The Earth could see massive waves of species extinctions around the world if global warming continues unabated, according to a new study published in the scientific journal Conservation Biology.
Supertramp from HERE.
From the Conservation Biology press release:
The study expands on a much-debated 2004 paper published in the journal Nature that suggested a quarter of the world's species would be committed to extinction by 2050 as a result of global warming. The results reinforce the massive species extinction risks identified in the 2004 study.
Using vegetation models, the research is one of the first attempts to assess the potential effects of climate change on terrestrial biodiversity on a global scale rather than just looking at individual species. Scientists looked specifically at the effect that climate change would have on 25 of the 34 globally outstanding "biodiversity hotspots" – areas containing a large number of species unique to these regions alone, yet facing enormous threats.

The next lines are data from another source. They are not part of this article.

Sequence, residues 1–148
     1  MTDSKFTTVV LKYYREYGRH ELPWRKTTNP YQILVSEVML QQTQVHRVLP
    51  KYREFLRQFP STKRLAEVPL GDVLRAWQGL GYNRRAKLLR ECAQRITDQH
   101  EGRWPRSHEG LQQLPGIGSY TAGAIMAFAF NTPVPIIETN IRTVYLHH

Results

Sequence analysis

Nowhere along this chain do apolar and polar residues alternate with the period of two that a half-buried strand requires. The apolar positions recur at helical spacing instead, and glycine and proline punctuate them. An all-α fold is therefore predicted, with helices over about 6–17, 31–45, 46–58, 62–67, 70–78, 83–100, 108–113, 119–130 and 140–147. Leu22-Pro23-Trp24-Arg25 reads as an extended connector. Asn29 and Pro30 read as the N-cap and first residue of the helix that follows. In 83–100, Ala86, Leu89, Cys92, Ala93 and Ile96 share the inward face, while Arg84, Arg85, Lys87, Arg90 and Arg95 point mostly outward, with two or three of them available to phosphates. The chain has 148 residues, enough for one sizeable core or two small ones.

"The hotspots studied in this paper are essentially refugee camps for many of our planet's most unique plant and animal species. If those areas are no longer habitable due to global warming then we will quite literally be destroying the last sanctuaries many of these species have left."
Image from HERE.
Areas particularly vulnerable to climate change include the tropical Andes, the Cape Floristic region of South Africa, Southwest Australia, and the Atlantic forests of Brazil, Paraguay and Argentina.